Entries in Incomes (2)


Nearly Half of Congress Members Are Millionaires, Research Shows

iStockPhoto/Thinkstock(WASHINGTON) -- It’s no secret that many members of the U.S. House and Senate are millionaires -- their salaries paid for in part by the American taxpayer. But their six-figure salaries are just the tip of Congress members' earning potential.

The Center for Responsive Politics has crunched the numbers and released the results on its Open Secrets blog: “About 47 percent of Congress, or 249 current members are millionaires...In 2010, the estimated median net worth of a current U.S. Senator stood at an average of $2.56 million.”

“Despite the global economic meltdown in 2008 and the sluggish recovery that followed, that’s up about 7.6 percent from an estimated median net worth of $2.38 million in 2009...and up 13 percent from a median net worth of $2.27 million in 2008...Fully 36 Senate Democrats, and 30 Senate Republicans reported an average net worth in excess of $1 million  in 2010.  The same was true for 110 House Republicans and 73 House Democrats,” the Center’s research went on to say.

“The vast majority of members of Congress are quite comfortable, financially, while many of their own constituents suffer from economic hardships,” said Sheila Krumholz at the Center For Responsive Politics. “Few Americans enjoy the same financial cushions maintained by most members of Congress -- or the same access to market-altering information that could yield personal, financial gains.”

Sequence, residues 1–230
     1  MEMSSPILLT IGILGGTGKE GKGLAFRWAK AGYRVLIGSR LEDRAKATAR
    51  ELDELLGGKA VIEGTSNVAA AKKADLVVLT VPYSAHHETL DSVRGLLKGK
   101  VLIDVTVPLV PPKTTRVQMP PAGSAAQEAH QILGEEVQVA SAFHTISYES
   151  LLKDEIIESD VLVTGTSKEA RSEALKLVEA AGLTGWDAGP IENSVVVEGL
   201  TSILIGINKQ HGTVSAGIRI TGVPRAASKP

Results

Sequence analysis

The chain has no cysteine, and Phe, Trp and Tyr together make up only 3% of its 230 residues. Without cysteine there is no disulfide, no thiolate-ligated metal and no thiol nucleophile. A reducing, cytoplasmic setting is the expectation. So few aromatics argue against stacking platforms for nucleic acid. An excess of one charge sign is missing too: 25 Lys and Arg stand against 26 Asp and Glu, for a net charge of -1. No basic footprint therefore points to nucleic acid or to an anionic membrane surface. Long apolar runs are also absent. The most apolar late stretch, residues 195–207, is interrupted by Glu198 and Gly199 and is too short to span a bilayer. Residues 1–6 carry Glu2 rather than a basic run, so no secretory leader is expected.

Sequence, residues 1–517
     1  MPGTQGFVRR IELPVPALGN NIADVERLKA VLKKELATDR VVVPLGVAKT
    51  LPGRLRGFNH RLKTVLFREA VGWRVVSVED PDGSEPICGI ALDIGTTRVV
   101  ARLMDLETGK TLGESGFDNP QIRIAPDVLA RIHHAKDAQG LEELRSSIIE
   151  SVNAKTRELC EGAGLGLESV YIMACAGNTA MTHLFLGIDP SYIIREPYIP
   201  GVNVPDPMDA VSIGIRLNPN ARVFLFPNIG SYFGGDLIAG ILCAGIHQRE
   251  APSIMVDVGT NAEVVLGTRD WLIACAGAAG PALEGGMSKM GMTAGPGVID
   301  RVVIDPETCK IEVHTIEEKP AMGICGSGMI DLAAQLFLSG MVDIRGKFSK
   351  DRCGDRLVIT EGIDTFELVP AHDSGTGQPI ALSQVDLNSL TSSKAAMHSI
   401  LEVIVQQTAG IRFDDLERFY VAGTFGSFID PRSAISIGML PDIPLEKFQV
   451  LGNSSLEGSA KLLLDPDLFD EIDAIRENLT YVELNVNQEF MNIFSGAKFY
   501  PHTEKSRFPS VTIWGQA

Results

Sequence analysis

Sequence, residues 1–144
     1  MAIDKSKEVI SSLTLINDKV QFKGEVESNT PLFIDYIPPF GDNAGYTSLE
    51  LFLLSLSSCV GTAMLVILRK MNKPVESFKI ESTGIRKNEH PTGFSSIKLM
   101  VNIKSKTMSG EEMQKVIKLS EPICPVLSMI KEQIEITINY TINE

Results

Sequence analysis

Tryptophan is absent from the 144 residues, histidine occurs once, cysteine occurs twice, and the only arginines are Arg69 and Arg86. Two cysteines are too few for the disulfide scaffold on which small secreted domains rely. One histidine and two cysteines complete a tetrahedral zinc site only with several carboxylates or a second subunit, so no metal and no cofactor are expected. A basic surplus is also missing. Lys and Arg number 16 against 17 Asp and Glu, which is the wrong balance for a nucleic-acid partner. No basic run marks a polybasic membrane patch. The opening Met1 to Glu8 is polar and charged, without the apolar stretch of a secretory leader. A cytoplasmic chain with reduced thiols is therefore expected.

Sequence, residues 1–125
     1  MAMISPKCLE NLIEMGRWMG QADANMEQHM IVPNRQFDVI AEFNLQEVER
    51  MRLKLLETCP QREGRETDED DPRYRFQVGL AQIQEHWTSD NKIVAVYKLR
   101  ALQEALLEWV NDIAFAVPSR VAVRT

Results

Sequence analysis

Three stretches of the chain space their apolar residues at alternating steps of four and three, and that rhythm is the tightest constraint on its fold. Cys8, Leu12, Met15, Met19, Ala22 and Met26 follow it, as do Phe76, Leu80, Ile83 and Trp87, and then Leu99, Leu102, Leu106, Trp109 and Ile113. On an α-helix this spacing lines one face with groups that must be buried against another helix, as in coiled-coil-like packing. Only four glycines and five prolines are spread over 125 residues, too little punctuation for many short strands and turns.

A recent 60 Minutes feature blew the lid off of one major moneymaking perk: insider trading laws don't apply to members of Congress, allowing them to legally buy and sell stock with market-shaking knowledge of upcoming patents, drug approvals, key economic data, and the like.

Such market activity would be a federal crime to anybody else, including so-called Wall Street "fat cats" some of the same members of Congress publicly decry.

Copyright 2011 ABC News Radio


Top 1 Percent's Income Soared Since '79

John Foxx/Stockbyte(WASHINGTON) -- The income of the richest 1 percent in the U.S. soared 275 percent from 1979 to 2007, but the bottom 20 percent grew by just 18 percent, new government data shows.

The Congressional Budget Office (CBO) released a study this week that compared real after-tax household income between 1979 and 2007, which were both after recessions and had similar overall economic activity.

While the income of the richest 1 percent nearly tripled, increases were smaller down the economic ladder. After the 1 percent, income for the next highest 20 percent grew by 65 percent, much faster than it did for the remaining 80 percent of the population but still lagging well behind the top percentile.

The changes illustrate how the better off have captured the bulk of income gains over the past three decades. The top quintile has seen its share of income rise while the other four quintiles have suffered declines in their shares, according to John Bowler, director of country risk service with the Economist Intelligence Unit.

The report states that without the growth of the top percentile, income inequality still would have increased, "but not by nearly as much." The study was prepared at the request of Sens. Max Baucus, D-Mont., and Charles Grassley, R-Iowa.

The CBO said the reasons for the rapid growth at the top are "not well understood," though some possibilities include technical innovations that have changed the labor market for superstars, "such as actors, athletes, and musicians," changes in executive compensation, and increasing scale of financial-sector activities.  

Copyright 2011 ABC News Radio

ABC News Radio